Cancer warning: How to detect signs of the disease in your toilet habits
Stomach cancer, also known as gastric cancer, is cancer that starts anywhere inside the stomach or the stomach wall. As early symptoms such as persistent indigestion and heartburn are easily confused with less serious conditions, cancer is often advanced by the time it’s diagnosed. It is therefore important to get any possible symptoms of stomach cancer checked by a GP as soon as possible. This change in toilet habit could signal the condition has advanced.
Everyone has some degree of risk when it comes to cancer. The risk will increase as a person gets older.
Some people have a higher or lower risk due to differences in exposure to carcinogens, such as from smoking or exposure to chemical pollutants.
Genetic factors also play a strong role in cancer’s development. A change in toilet habits could mean many things from frequency, consistency or in caliber of the stools.
Noticing any of these new toilet habits should not be ignored and you should consult your GP about the possible causes.
The NHS said: “Stomach cancer is a fairly uncommon type of cancer. Around 7,000 people are diagnosed with it each year in the UK.
“The initial symptoms of stomach cancer are vague and easy to mistake for other less serious conditions.
“They include a persistent indigestion and heartburn, trapped wind and frequent burping, feeling very full or bloated after meals and a persistent stomach pain.”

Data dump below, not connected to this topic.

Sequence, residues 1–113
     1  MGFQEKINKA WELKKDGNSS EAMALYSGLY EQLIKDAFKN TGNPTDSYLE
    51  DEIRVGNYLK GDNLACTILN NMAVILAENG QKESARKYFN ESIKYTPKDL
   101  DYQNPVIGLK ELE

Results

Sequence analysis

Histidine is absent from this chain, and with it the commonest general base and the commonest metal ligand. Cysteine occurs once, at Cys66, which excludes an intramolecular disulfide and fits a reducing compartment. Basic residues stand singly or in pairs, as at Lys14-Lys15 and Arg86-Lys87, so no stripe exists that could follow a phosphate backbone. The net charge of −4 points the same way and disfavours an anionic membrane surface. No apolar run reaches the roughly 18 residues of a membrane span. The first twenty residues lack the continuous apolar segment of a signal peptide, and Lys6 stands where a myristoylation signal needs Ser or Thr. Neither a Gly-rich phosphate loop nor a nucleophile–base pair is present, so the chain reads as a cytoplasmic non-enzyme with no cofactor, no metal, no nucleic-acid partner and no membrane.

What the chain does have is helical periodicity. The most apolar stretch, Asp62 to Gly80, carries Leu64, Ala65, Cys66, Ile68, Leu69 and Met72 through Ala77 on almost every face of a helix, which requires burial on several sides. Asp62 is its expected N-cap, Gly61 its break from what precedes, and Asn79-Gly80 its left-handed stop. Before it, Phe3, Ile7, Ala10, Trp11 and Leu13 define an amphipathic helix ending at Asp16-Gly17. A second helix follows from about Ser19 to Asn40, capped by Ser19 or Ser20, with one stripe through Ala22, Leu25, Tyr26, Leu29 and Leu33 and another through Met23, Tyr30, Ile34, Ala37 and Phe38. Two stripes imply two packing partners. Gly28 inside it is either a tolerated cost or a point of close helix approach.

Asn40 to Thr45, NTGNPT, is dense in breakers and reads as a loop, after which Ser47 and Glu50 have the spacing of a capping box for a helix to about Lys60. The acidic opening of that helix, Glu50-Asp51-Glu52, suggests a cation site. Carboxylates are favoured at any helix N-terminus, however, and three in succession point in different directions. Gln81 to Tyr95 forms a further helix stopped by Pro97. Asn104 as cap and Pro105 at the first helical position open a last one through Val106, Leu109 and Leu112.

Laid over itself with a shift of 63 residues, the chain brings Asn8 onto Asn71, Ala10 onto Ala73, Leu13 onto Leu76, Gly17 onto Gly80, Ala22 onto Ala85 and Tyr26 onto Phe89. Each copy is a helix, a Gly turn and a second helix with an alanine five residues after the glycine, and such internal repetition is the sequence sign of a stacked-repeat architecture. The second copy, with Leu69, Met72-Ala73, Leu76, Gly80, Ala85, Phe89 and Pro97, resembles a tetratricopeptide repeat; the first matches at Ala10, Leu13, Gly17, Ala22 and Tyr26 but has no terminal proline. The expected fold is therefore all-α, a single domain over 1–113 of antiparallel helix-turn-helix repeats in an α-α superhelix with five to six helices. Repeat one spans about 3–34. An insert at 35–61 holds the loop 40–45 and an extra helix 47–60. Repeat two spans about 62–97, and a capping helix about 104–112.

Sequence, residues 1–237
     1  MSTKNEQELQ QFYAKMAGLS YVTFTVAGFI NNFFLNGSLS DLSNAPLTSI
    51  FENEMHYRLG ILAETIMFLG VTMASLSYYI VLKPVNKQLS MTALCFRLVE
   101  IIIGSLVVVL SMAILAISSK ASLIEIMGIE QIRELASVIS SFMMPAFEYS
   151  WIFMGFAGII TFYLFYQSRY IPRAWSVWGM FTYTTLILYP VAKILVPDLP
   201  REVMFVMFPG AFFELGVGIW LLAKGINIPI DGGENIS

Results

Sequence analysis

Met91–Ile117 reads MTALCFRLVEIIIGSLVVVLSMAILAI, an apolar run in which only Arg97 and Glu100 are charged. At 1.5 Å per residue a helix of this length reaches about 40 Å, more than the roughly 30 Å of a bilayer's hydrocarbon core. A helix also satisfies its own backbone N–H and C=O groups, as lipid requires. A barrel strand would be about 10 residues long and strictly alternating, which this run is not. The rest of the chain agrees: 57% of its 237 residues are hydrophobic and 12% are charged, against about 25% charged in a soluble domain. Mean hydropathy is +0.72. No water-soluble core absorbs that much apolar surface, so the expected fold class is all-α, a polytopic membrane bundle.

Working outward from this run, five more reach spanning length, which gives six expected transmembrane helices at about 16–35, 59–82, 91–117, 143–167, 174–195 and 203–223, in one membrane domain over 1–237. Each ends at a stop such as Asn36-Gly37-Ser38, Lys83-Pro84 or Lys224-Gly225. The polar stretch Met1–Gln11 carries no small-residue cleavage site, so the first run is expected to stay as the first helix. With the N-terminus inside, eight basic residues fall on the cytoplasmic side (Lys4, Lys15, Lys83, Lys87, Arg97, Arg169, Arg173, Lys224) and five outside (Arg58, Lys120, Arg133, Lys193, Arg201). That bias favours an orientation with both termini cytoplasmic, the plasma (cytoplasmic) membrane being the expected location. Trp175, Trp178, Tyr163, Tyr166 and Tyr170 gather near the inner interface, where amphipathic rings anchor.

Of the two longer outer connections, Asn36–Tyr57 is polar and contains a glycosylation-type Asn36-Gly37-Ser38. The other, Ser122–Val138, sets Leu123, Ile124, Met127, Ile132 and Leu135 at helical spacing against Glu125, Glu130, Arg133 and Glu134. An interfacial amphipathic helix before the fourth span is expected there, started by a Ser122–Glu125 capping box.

When it comes to a persons toilet habits and warning signs, needing to go more often, having looser stools or having a persistent lower abdominal pain, bloating or discomfort are signs it could be stomach cancer.
According to Cancer Research UK, your risk of stomach cancer is higher if you have a condition that lowers the amount of acid in the stomach or if you’ve had an operation on your stomach that reduces the amount you produce.
There is also some researching linking obesity to the disease, although the findings are inconclusive, explained the health site.
The National Cancer Institute said: “There is no normal number of movements for a cancer patient. Each person is different.
Your GP will ask questions bout your bowel routines, food and medicines
The National Cancer Institute
“Your GP will ask questions bout your bowel routines, food and medicines.
Keep a record of all bowel movements and increase the amount of fibre in the diet by eating more fruits, vegetables and whole grains.
“It’s important to drink more fluids when eating more high-finer foods, to avoid making your bowel movements worse.”
In many case, stomach cancer can’t be completely cured, but it’s still possible to relieve symptoms and improve quality of life using chemotherapy and in some cases radiotherapy and surgery, explained the NHS.
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